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Ours to Discover: Eastern Townships to Quebec City, A road trip filled with warmth

From wineries to historic villages and Indigenous experiences, Quebec has a lot to offer in winter

By Dean Lisk Wheels.ca

Jan 7, 2023 7 min. read

Article was updated a month ago

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In this four-week series, we take readers on a road trip through Quebec, learning why La Belle Province is ours to discover this winter. This week, we start our journey in the Eastern Townships before heading to the provincial capital.

Few places in Canada embrace winter with the same enthusiasm and energy as Quebec. The arrival of snow in La Belle Province – topping the roofs of its historic buildings and blanketing tree branches – is eagerly awaited. Here’s how to make the most of the season during a road trip from the Eastern Townships through Centre-du-Québec to Quebec City.

In the morning: Make your first stop the historic town of Sutton, located about an hour-and-15-minute drive southeast of Montreal. Spend time walking along Rue Principale, which doubles as Route 139, admiring its quaint shops, galleries and restaurants.

Like many communities in the Eastern Townships, Sutton was founded by United Empire Loyalists around the 1800s, and there are a series of self-guided audio tours – available through the town’s website – that explore some of the area’s rich heritage.

Quebec

Sutton is also on the Chemin des Cantons and Route des Vins, two scenic drives that weave their ways through the Eastern Townships highlighting historical sites, local attractions and businesses. Make sure to stop by Le Vignoble du Ruisseau, a winery near Sutton that uses geothermal heat to extend the growing season of its grapes. Designate a driver and visit for a tasting or stay for a meal at the winery’s restaurant – about 65 per cent of the ingredients it uses come from its own farms and gardens.

Around noon: Have lunch at Mollies, a charming café with large windows overlooking the main roadway in Sutton. Dine on a grilled cheese made with cheddar, gruyere, and pickled onions, or the Piggy Panini featuring pork roast and ham.

In the afternoon: Drive less than 10 minutes east to Mont Sutton, a popular destination for winter activities in the province. This nature area features 60 glades for skiers to enjoy while admiring the unique sculptures of birds and animals – made from wood and recycled materials – placed near the trails.

If skiing isn’t your thing, don’t worry. You can rent snowshoes, snowboards or a yooner – a seat attached to skis that sits 20 centimetres above the ground and can be used to slide down hills. Or, if you aren’t feeling like doing any activities, simply enjoy an apres-ski afternoon sipping a hot chocolate at Bar Le Tucker.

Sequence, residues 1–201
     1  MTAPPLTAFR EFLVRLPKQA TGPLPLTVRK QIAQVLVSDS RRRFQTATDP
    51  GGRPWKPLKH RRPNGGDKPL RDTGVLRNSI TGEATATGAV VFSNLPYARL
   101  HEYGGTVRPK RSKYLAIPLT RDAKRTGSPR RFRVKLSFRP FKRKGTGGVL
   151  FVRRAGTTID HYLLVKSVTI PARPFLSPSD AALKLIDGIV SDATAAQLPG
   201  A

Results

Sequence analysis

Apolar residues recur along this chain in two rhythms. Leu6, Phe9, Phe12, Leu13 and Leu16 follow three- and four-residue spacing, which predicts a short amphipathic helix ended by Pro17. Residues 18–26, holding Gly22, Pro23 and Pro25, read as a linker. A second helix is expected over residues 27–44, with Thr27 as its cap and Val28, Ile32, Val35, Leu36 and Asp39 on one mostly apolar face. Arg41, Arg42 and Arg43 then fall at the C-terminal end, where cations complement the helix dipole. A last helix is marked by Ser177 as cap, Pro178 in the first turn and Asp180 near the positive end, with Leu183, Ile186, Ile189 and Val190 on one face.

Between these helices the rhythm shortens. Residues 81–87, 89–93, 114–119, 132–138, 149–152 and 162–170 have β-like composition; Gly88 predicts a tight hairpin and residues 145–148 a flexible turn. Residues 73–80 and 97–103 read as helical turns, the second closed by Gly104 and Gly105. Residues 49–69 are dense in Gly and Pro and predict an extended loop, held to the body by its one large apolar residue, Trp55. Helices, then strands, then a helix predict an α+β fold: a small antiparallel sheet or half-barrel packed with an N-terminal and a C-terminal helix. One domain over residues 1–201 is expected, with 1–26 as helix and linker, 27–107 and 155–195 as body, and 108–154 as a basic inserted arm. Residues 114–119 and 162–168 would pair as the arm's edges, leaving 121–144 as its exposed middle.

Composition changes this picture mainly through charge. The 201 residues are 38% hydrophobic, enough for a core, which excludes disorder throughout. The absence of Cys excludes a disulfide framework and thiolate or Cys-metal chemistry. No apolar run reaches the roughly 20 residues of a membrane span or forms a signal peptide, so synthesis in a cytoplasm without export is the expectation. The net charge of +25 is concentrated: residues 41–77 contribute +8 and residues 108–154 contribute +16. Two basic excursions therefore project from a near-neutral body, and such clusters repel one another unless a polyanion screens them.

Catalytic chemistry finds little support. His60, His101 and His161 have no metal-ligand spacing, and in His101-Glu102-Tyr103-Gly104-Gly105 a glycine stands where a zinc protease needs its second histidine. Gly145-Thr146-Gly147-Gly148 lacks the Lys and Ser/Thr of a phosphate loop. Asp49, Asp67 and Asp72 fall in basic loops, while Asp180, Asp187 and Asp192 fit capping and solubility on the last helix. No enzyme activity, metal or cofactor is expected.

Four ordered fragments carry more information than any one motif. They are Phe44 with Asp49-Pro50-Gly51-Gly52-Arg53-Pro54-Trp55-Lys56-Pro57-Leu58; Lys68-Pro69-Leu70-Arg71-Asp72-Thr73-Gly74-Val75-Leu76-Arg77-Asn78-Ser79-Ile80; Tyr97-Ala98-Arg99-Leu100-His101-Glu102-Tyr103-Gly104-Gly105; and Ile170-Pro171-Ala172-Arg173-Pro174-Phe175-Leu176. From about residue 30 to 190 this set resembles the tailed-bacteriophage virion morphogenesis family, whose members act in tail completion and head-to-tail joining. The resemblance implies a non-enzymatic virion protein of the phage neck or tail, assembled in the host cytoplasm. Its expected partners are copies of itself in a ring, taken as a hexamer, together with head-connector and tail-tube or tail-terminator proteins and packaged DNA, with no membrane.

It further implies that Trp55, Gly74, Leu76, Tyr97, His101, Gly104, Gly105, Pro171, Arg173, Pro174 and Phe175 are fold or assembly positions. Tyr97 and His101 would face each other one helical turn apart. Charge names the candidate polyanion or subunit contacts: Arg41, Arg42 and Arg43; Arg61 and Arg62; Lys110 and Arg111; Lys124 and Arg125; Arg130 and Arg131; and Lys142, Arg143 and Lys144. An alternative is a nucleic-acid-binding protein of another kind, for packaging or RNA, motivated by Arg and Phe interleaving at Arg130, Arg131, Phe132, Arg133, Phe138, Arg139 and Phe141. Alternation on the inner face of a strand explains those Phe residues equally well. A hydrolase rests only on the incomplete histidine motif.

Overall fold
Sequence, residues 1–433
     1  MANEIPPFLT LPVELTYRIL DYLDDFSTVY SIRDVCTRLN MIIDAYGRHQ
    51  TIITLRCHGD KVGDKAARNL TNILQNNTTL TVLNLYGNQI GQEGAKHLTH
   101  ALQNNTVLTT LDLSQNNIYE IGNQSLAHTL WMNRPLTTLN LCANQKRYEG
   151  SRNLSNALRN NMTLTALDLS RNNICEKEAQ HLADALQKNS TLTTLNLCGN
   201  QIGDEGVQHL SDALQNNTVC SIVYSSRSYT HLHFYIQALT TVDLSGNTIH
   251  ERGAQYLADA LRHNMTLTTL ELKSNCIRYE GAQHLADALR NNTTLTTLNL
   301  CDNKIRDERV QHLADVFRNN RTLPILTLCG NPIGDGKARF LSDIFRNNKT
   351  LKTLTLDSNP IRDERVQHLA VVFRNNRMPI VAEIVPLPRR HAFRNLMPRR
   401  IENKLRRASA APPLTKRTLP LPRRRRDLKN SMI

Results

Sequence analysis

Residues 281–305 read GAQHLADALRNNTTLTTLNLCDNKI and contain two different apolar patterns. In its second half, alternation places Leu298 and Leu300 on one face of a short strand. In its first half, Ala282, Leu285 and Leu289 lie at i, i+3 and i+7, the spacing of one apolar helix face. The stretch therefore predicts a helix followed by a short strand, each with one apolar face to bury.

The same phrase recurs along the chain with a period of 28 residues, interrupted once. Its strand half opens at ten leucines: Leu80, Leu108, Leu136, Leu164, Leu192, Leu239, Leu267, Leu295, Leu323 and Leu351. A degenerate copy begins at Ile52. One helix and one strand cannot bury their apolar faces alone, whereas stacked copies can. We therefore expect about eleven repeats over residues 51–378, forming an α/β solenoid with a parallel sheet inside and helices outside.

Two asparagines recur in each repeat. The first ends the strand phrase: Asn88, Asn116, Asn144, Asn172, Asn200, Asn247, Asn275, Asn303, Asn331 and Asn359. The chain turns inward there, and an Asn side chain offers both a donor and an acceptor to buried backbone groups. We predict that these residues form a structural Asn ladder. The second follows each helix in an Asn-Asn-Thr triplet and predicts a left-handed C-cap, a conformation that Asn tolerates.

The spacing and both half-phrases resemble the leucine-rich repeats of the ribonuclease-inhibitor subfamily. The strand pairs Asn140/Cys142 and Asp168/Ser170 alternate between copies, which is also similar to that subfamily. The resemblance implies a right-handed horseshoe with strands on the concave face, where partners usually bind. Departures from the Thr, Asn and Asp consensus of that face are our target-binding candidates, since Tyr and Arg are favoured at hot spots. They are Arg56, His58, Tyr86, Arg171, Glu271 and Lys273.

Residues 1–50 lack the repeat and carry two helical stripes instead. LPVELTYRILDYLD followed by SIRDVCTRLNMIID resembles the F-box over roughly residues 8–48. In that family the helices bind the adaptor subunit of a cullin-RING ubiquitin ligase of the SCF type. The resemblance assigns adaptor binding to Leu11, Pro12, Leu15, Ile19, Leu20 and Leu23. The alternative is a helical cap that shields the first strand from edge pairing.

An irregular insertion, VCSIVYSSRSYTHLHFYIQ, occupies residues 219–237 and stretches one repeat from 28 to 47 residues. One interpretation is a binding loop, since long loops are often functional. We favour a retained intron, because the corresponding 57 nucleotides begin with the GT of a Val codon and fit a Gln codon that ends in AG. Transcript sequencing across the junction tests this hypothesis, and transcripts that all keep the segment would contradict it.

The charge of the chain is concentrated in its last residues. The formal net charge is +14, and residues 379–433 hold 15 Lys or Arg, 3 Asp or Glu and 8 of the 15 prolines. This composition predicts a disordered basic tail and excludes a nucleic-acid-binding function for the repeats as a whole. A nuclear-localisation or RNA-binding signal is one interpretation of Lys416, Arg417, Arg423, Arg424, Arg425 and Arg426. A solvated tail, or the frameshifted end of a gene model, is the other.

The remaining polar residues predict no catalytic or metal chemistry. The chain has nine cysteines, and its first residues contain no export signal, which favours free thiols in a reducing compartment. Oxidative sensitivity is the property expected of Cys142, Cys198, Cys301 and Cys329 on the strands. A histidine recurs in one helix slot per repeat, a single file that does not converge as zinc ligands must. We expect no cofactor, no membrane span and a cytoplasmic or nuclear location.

In the evening: Stay the night at Auberge West Brome, located a 20-minute drive from Mont Sutton. This quaint country hotel is set against the rolling hills of the Eastern Townships with rooms split between three house-like buildings.

For dinner, stroll over to the main building to the Bistro West Brome. The restaurant’s menu options include dishes made using local ingredients, such as the duck confit with butternut squash ravioli and served with a ginger-infused sauce.

DAY TWO


In the morning: After a breakfast of crepes or waffles with fresh berries at the hotel’s restaurant, begin driving north into the Centre-du-Québec. The region is full of local producers, making everything from honey and meads to ciders and cheeses.

One must-visit is the Fromagerie du Presbytère in Sainte-Élizabeth-de-Warwick, where a former church has been transformed into a cheesemaking facility. From the narthex – the entrance hall – you can peer through glass windows to see the stacks of cheese wheels being aged in the former nave. A robot operates between the shelves, selecting wheels to brush and flip it before placing them back.

Quebec eastern townships

Across the road from the church, there is a general store where you can purchase cheeses (along with other local products) and taste some of the varieties, like the Religieuse, a semi-soft cheese made from unpasteurized cow milk, or the Taliah produced from sheep milk.

Around noon: Drive to nearby Drummondville, which calls itself Quebec’s capital of expression and traditions. Stop for lunch at the Rose Café, a small bistro located in a store that sells local products and includes a greenhouse and florist. Dine on one of its sandwiches, soups or quiches featuring vegetables grown on site.